In order to overcome procrastination, you must first realize that you are procrastinating. Here are some common signs that you may be procrastinating:

  • You keep telling yourself you’ll do the task later
  • You fill your time with smaller tasks to feel productive
  • When you attempt the task, you quickly give up and put it off
  • You feel overwhelmed and lost
  • You feel unorganized
  • You spend too much time thinking about a task instead of taking action
  • You consistently do things the day before a deadline
  • You run through social media, to-do lists, emails, and other time fillers instead of working

When you exhibit some of these signs, you might not think it’s procrastination in the moment, but it is. To overcome this pitfall, you need to recognize and accept that you are procrastinating. Avoid the denial of it.

2. Just get started, even if it’s small

The remaining tips will all help you in conquering procrastination, but the straightforward solution is to just get started and do the task you are putting off.

It’s that simple, but we constantly look for other ways to help us with doing our work (which is procrastination itself). Looking for the next tip or productivity app is a substitute for the work we should be doing except it makes us feel like we are doing something positive.

Cut that out and just get started on the task, even if it’s small. If you have to write an essay, start by writing the first paragraph. If you have to read a book, begin by reading the first chapter.

The hardest part of completing a daunting task is getting started. Starting small will allow you to conquer a portion of it and build momentum.

3. Plan out your day

One of the 6 triggers of procrastination is when a task is unstructured or ambiguous. This is why writing as essay is so difficult and is frequently a task that students put off.

With a blank word doc, the act of writing is unstructured, ambiguous and is intimidating.

For other tasks you are postponing, you can create structure in your life and for the task by planning out your day. Simply create a schedule and set aside time to work on the task. Add this to your morning routine.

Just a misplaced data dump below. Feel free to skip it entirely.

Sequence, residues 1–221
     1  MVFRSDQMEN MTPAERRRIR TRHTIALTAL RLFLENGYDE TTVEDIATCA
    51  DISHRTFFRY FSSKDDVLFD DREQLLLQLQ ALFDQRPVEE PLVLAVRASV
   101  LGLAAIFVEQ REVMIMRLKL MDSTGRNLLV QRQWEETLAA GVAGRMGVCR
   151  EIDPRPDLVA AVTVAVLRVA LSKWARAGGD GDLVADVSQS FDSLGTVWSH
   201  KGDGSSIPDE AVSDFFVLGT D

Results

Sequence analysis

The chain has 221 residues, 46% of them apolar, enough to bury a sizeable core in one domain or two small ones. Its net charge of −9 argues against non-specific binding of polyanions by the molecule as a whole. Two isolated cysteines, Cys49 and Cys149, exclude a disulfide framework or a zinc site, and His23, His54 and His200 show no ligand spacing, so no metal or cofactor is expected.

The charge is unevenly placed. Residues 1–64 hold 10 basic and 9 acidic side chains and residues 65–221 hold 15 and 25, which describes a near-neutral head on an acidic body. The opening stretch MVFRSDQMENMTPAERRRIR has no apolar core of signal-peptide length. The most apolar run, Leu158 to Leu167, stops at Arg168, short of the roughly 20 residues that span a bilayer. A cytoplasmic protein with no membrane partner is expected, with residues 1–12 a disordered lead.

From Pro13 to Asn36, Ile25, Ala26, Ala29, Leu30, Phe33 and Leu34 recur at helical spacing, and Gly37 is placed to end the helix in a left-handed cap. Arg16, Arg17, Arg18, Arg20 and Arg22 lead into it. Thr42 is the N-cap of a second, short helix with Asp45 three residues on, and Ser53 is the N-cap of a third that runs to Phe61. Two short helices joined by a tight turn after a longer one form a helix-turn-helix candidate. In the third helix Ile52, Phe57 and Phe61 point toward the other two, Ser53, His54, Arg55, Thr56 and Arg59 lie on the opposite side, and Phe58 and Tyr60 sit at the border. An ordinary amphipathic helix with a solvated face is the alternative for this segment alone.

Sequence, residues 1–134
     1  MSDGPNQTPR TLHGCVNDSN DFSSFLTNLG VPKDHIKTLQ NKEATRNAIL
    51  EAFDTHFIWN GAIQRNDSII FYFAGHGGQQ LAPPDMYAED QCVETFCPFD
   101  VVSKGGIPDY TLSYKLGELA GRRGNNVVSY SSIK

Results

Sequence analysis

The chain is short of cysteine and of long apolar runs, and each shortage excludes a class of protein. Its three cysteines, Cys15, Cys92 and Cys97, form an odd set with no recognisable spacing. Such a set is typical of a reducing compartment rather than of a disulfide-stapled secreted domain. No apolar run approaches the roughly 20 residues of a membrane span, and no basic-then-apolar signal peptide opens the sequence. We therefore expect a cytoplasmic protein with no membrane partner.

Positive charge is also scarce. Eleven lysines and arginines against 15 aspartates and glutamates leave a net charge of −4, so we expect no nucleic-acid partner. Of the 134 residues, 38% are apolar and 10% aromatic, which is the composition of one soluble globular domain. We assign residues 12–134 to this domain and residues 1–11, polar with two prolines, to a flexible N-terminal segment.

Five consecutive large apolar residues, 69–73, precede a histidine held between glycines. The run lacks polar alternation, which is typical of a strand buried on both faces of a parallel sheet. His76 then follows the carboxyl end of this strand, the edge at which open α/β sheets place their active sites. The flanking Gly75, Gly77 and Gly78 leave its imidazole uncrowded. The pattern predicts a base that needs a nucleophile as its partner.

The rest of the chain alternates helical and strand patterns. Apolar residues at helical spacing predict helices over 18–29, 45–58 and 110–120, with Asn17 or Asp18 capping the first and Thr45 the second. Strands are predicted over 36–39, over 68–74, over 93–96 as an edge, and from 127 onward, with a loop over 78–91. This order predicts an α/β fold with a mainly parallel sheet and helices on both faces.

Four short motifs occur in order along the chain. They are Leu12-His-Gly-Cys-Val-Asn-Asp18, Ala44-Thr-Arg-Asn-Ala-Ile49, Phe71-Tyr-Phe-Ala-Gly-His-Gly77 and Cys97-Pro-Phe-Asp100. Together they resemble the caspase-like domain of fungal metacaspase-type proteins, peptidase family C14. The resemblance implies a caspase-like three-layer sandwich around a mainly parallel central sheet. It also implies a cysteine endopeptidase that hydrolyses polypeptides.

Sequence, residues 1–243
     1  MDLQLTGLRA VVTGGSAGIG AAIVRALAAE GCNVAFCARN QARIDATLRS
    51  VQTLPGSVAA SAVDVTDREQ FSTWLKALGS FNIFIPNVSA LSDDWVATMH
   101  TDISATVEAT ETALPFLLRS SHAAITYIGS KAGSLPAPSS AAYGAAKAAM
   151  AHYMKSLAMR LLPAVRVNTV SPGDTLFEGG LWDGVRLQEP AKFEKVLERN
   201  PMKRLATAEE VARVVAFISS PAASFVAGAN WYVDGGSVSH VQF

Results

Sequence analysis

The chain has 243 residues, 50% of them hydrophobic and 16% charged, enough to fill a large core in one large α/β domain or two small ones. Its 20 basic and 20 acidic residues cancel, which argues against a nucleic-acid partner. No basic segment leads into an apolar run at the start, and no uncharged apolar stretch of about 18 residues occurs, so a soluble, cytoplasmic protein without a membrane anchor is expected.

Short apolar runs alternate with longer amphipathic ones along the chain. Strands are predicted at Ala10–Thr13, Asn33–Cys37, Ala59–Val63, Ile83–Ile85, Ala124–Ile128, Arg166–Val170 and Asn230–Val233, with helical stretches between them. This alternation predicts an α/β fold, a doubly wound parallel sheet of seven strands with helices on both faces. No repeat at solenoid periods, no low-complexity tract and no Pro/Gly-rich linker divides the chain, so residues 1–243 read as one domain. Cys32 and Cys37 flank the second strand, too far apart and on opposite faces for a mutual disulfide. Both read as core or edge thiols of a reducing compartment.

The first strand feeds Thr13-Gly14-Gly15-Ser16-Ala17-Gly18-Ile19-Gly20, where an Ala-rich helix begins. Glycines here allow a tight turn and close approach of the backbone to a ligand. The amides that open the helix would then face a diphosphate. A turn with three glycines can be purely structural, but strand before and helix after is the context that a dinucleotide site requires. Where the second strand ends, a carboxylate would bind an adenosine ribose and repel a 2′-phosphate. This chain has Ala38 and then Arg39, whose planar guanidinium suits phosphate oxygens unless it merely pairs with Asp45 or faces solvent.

You don’t need to commit one large block of time for the task if you don’t want to. Spreading out the times you work on the task throughout the day can make it less intimidating.

4. Break down tasks into manageable chunks

Leading off the last sentence of tip 3, break down tasks into manageable chunks.

For example, writing these blog posts from scratch is difficult and I’m guilty of procrastinating. To help me push out posts, I break down the task into smaller and manageable chunks. These chunks include:

  • Research
  • Rough draft
  • Final draft
  • Upload draft to WordPress
  • Edit and add graphics

If I had to tackle all that at once every time, I would never get anything done because the task would be so overwhelming and difficult that I would never even get started.

Breaking the process down into chunks and knocking one chunk out at a time is doable. It allows you to spread the process out over time. Once you complete one chunk, you feel accomplished going into the next chunk.

5. Do harder tasks during your “biological prime time”

In his book, The Productivity Project, author Chris Bailey discusses the concept of your “biological prime time.”

As humans, our energy fluctuates over the course of the day. Maybe you notice how you have endless energy at certain points of the day and other times you are sluggish.

One person’s biological prime time may vary from someone else’s, but take some time to observe when YOU have the most energy. Once you identify that, attempt the task you are procrastinating during those hours. This will increase the odds that you get it done.

6. Don’t blow things out of proportion

Some procrastinators underestimate the effort and time that something needs in order to be completed. These procrastinators wait until the last minute and scramble to make deadlines because they didn’t have enough time.